ByArend Habbema, writer at


Okay, I'm going to be honest: I haven't seen the movie version of the show. Also, I don't fully comprehend the extent of the show, and where it's going to go, and I love it!

Usually around episode four you can really see where the show is going to go, but because this episode doesn't really deal with the bigger story arc, and instead focusses more on what happens in the future, it's still tough to say exactly which direction it's going to go. The choice of this kind of story telling is brave and risky, but it worked out well. The risk is that the audience loses track of the story by focussing on something seemingly unimportant, but even if Atari only dealt with the 12 Monkeys story for about 5-10 minutes in the beginning and end, it still feels like it was an important episode. Cole went through some big character development, we deal with some time travel issues, and Cassandra found the Night Room. We also finally met The West Seven, and even though it ended well for the people at the facility, I don't think we've seen the last of Deacon.

A big reveal, maybe not of much importance to the overall story, but a big development for Cole is that we finally learnt his first name: James. People who've seen the movie obviously already knew this, it finally brings some color to the previously blank canvas that was James Cole. Aaron Stanford, who portrays Cole, impresses me more every episode. Although I wasn't sure I was going to like his acting when I saw the pilot, Stanford really turned it around over the following episodes to a point where I'd say he's holding his ground in a role previously portrayed by Bruce Willis, which isn't a simple task. And although Cassandra didn't show her face much this episode, Amanda Schull brought the perfect mix of confidence and a little emotional instability to the character.

Still of Aaron Stanford (left), and Amanda Schull (right) in 12 Monkeys
Still of Aaron Stanford (left), and Amanda Schull (right) in 12 Monkeys

Two big influences on how this episode turned out were Max and Jones. Max seems to be a bit all over the place. It sort of makes sense, but just not really. She was Coles lover and hated him for leaving, later found out about the facility, went back to The West Seven to warn them, hit Cole and participated in torturing him for information, then went on to help Cole save everyone she just endangered, and ended up on the verge of shooting the leader she was standing by and protecting all this time. Obviously it all comes down to her feelings for Cole, but I think she's overreacting a bit both in trying to kill him, and then suddenly do everything he says.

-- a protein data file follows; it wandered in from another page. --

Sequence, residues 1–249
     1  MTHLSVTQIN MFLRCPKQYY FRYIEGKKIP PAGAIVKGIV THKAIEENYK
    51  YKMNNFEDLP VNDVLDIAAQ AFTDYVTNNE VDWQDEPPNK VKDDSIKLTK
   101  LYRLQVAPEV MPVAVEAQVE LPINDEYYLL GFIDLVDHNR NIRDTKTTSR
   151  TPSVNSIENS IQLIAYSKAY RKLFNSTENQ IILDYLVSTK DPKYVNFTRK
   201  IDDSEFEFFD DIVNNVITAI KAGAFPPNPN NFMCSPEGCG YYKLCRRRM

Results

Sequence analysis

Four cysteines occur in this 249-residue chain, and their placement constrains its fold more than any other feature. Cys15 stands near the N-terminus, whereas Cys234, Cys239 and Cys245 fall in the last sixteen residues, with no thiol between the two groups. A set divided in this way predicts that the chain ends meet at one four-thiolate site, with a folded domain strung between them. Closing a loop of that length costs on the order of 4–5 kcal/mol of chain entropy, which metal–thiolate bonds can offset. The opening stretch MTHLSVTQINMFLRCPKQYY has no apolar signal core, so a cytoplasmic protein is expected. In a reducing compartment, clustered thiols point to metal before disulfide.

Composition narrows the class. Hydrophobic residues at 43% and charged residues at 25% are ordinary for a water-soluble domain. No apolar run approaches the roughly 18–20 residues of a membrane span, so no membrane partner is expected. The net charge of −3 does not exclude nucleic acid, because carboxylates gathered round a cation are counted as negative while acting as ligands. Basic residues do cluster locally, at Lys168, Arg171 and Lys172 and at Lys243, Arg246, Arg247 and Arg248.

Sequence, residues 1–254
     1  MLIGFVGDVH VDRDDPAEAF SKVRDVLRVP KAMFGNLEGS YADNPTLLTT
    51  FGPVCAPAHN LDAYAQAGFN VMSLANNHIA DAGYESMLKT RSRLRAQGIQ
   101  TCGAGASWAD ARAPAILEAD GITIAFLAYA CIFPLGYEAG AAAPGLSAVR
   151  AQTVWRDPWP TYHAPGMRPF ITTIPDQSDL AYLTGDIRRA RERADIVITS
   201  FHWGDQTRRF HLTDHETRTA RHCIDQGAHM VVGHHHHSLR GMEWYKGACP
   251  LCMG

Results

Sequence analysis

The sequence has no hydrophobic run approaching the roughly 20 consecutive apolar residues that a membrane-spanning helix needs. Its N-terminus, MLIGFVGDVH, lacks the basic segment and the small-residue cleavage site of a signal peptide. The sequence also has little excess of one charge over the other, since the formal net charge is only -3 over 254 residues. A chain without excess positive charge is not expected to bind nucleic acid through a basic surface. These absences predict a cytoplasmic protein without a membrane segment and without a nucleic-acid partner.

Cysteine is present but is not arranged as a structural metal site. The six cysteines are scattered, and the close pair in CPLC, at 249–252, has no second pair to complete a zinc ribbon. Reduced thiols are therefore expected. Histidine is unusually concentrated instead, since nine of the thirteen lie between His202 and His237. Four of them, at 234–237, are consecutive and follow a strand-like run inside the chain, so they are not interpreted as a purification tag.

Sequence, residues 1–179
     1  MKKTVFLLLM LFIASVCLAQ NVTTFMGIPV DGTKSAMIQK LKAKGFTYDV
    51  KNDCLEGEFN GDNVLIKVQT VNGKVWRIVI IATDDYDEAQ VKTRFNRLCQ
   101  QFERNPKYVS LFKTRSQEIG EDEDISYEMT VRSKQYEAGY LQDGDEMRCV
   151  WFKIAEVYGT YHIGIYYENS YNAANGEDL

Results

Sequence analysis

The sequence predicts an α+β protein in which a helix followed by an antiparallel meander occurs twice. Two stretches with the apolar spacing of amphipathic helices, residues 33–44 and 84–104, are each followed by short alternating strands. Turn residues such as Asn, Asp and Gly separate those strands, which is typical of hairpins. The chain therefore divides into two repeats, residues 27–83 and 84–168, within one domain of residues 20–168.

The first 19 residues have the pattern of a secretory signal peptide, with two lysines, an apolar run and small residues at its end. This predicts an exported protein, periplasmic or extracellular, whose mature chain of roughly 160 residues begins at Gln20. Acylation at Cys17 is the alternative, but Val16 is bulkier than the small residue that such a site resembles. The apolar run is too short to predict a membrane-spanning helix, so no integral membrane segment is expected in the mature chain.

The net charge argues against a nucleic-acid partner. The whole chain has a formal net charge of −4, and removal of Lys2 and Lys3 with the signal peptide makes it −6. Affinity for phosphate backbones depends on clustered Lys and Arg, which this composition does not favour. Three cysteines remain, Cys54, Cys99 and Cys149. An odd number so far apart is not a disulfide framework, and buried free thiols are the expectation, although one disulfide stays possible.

Jones on the other hand keeps getting more interesting. She's clearly a genius, but she handles these unfathomable situations like it's just another Tuesday. Sending Cole back to right before the attack to try and save everyone is pretty damn smart, and a situation I've been waiting on since this show started.

Which brings me to what exited me the most this episode. As I said, Cole being sent back in time only a few hours was something I've been waiting for, since that pushes the show to deal with how two Coles coexist, how the time travel can influence their day-to-day life (without, you know, saving the entire world and thus changing everything), and how Cole even reacts to it. He was clearly completely unaware of where and when he was when he went back, until Deacon started talking to him about the entrance. This shows that there are definitely limits to the extent of the 'power' of the time traveling. Which was also shown when Cole looked at himself and he got headaches. These are issues theoretical scientist argue over on a daily basis, because we simply don't know what happens in these situations if/when time travel is possible.

In conclusion, even with the movie as an example, the creators of this show do a good job in making this story engaging, incomprehensible, and extremely interesting at the same time, for which I commend them.

Now let's see where The Night Room leads us, and whether or not we'll get to deal with more paradoxes next week!

Poster of the original film Twelve Monkeys (1995) in order (L to R) Bruce Willis, Madeleine Stowe, and Brad Pitt
Poster of the original film Twelve Monkeys (1995) in order (L to R) Bruce Willis, Madeleine Stowe, and Brad Pitt

Let me know what you think of 12 Monkeys so far! How does it stack up against the movie? Are you looking forward to more time traveling issues, or do you want to know more about the Army of the Twelve Monkeys?


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